Here’s what doctors, other clinicians should tell patients in one of worst flu seasons

Doctor examining patient
Doctors must advise patients to get a flu shot. (Getty/kazoka30)

In the face of one of the most severe flu seasons in years, doctors must advise patients that it’s not too late to get a flu shot, and if they do come down with the flu, to stay home and avoid spreading the disease.

So far, 30 children in the U.S. have died from the flu this season. Past vaccination trends show that approximately 85% of children who died from influenza did not receive a flu vaccination, Brenda Fitzgerald, M.D., director of the Centers for Disease Control and Prevention (CDC), told Reuters.

Doctors must give patients the same advice as Fitzgerald: Get a flu shot. "My message is, if you haven't gotten a vaccine, please get a vaccine. Also, please get your children vaccinated," said Fitzgerald, who also urges citizens "to take every advantage that you can to protect yourself." The CDC recommends flu vaccination for everyone 6 months of age and older and says flu viruses are likely to continue circulating for several more weeks.

Physicians must also explain to patients that while they’ve likely heard the flu shot is only estimated to be about 30% effective against the H3N2 strain of flu that is dominant this flu season, it has been shown to reduce the severity and duration of illness if people become infected. Fitzgerald told Reuters that reports that the flu vaccine in Australia was only 10% effective may have caused people to think it was not worthwhile to get vaccinated.

The H3N2 strain is an especially nasty flu that in past flu seasons has been linked with severe disease and death, especially in the elderly and young. The CDC has reported that the flu is present in every state and is widespread in every state but Hawaii, according to its latest update.

Source: CDC

The CDC also suggests that doctors advise patients who are at high risk of complications to call if they have any flu symptoms, even if they have had a shot. Make patients aware of the importance of antiviral medications to treat flu in people with severe illness and those at high risk. To help avoid illness, people should wash their hands frequently or use hand sanitizer, avoid others who are sick and coughing and use disinfectant wipes.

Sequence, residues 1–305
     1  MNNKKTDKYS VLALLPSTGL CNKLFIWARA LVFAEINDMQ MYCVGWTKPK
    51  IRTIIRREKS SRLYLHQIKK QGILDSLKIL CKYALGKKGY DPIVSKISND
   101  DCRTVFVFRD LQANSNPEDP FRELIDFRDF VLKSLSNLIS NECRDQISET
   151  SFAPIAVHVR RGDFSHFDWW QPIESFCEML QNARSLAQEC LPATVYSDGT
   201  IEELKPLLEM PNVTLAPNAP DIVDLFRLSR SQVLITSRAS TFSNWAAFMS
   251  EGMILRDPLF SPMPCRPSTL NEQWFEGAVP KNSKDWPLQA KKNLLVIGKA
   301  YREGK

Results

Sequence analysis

To that end, some doctors use virtual care visits to treat flu patients at home so they don’t infect others, according to Fox6 News. Two hospitals in the Tampa Bay area of Florida—Tampa General Hospital and BayCare—allow patients to receive a diagnosis and prescription without leaving their homes. Using an app, patients can provide information and talk to a physician via phone. Both hospitals offer virtual care to people across the country for about $49 for a visit.

One mother, Jaina Johnson, told the news channel that there was an hour and a half wait at the doctor’s office when she took her daughter there for flu treatment. Waiting rooms of contagious and noncontagious patients were full, she said.

If doctors can’t help via virtual care, patients aren’t charged and are recommended to visit an emergency room or urgent care for in-person treatment.

And doctors and healthcare workers can take their own advice to avoid getting sick while treating sick patients, says ABC 15. Stay up to date on vaccinations, wash your hands frequently and take care of your health, whether it’s steps such as taking vitamins or eating right.

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